Saturday, November 21, 2009

Fatlips and Gilnocky

I was in the Borders on a glorious autumn weekend (just before the floods!). As we passed Fatlips Tower on Minto Crags, I gave the traditional explanation of the odd name: 'The Turnbulls had fat lips'. But apparently there is a more interesting theory: one of the pleasures of a visit to Fatlips used to be that "every gentleman, by indefeasible privilege, kisses one of the ladies on entering."


The Turnbulls were a small Border clan; but travelling south we passed Caerlanrig, a place of pilgrimage for the Armstrongs, a big beast in the Border reiving jungle. In the 1500s Border families were raiding into England, embarrassing the Kings of Scots and in November 1530 Johnnie Armstrong of Gilnocky, one of the most successful reivers of his day rode out to Caerlanrig. He was invited to meet his king. Dressed in his finery, and with promise of safe passage, he rode with thirty-six followers to meet the youthful James V of Scotland who was hunting in the area.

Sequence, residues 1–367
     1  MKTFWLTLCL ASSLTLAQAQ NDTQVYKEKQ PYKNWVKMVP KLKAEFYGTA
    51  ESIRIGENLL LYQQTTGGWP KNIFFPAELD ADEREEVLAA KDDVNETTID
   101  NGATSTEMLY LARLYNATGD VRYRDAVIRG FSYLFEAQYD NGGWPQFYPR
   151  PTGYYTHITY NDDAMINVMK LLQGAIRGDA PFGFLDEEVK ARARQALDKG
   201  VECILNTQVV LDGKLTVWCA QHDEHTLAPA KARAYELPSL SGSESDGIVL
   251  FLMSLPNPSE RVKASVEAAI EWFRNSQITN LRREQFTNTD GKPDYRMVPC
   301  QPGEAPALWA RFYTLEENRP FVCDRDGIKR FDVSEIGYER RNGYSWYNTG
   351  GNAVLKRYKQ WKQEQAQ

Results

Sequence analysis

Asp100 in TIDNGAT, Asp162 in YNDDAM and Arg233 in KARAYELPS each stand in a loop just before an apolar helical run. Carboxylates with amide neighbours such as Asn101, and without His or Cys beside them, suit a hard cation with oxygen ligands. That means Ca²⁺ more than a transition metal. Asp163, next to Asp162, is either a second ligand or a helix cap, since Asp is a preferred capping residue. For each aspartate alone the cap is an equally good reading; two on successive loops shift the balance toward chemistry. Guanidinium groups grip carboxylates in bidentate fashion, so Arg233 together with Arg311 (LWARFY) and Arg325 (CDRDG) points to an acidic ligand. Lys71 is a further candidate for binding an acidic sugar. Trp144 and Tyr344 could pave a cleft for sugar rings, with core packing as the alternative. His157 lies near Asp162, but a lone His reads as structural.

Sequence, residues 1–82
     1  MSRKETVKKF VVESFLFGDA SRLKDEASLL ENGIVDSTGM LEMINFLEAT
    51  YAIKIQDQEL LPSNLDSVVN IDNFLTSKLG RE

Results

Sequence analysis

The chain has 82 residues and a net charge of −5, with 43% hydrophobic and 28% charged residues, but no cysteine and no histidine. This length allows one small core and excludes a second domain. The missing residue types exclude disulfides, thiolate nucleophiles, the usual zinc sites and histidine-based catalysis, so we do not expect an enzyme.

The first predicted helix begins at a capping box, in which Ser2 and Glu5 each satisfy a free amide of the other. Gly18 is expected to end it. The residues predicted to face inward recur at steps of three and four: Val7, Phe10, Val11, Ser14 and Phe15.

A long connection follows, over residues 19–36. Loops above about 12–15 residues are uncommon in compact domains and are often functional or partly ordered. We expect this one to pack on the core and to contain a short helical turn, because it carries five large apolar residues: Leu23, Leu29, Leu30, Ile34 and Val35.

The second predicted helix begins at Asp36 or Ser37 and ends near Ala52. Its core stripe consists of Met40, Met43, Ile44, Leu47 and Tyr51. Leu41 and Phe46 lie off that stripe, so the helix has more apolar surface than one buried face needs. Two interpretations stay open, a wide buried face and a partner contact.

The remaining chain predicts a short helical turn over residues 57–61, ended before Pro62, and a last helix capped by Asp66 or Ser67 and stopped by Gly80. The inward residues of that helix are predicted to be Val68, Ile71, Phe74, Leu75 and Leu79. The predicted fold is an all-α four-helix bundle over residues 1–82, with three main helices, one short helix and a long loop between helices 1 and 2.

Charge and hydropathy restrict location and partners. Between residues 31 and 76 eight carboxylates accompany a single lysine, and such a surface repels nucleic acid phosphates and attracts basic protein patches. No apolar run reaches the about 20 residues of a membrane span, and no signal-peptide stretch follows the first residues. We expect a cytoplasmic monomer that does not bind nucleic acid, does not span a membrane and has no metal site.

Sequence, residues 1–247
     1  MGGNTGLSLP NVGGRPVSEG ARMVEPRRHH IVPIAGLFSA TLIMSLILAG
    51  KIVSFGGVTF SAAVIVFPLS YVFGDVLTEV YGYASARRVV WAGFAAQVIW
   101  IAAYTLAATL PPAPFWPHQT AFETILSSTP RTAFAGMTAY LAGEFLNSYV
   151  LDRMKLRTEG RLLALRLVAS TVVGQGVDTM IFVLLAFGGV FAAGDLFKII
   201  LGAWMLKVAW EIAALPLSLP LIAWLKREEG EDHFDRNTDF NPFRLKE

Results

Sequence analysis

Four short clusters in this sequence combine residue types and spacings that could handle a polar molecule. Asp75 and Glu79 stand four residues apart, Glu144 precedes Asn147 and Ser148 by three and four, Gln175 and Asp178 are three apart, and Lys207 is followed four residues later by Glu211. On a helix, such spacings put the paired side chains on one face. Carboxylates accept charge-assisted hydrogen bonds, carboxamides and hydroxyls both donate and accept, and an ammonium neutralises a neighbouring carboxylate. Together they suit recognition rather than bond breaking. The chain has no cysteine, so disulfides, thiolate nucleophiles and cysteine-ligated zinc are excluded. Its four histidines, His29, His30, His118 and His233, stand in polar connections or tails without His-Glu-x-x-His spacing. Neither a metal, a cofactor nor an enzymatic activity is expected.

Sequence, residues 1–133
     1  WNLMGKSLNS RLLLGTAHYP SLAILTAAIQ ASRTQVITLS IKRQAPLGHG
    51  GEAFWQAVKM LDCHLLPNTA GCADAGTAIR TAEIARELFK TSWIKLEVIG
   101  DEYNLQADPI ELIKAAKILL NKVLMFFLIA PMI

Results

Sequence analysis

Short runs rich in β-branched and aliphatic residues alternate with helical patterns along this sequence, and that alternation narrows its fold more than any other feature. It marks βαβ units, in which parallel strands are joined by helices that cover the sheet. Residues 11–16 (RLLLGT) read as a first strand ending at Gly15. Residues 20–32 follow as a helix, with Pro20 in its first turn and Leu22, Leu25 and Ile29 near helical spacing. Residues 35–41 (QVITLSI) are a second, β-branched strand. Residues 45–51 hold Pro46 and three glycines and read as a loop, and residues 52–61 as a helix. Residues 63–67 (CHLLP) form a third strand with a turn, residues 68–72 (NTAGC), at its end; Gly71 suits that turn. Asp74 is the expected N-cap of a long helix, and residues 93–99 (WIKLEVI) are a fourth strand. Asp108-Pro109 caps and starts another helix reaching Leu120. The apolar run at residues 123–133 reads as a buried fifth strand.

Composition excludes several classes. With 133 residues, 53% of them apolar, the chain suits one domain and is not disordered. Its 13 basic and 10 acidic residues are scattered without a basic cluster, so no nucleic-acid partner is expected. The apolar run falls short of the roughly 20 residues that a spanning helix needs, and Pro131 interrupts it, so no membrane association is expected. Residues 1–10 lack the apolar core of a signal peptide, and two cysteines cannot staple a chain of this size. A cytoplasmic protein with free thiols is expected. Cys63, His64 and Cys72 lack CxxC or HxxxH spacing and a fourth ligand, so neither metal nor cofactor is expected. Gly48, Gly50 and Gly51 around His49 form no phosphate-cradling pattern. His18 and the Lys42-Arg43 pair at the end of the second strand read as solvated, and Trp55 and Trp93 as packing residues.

Well, in brief, Johnnie and his men were taken and hanged without trial - pour encourager les autres. Johnnie's grave is there. His exploits are commmemorated in The Ballad of Johnnie Armstrong.

We went on to Johnnie's home at Gilnocky Tower (below), now a Clan Armstrong museum. (And yes, this photo was taken on 13 November 2009!).


As we headed further south, west and into England, we passed Carlisle, whose castle is made famous in another great story of the Borderlands. Kinmont Willie, also an Armstrong, was dramatically sprung from the castle by a bold Border raiding party led by Sir Walter Scott of Buccleuch.

But that... is another ballad.

1 comment:

Pierce said...

Great story. If your ears have been burning I'll tell you that I have been forwarding your blog address to some Gabaldon fans. I know two who want the tour.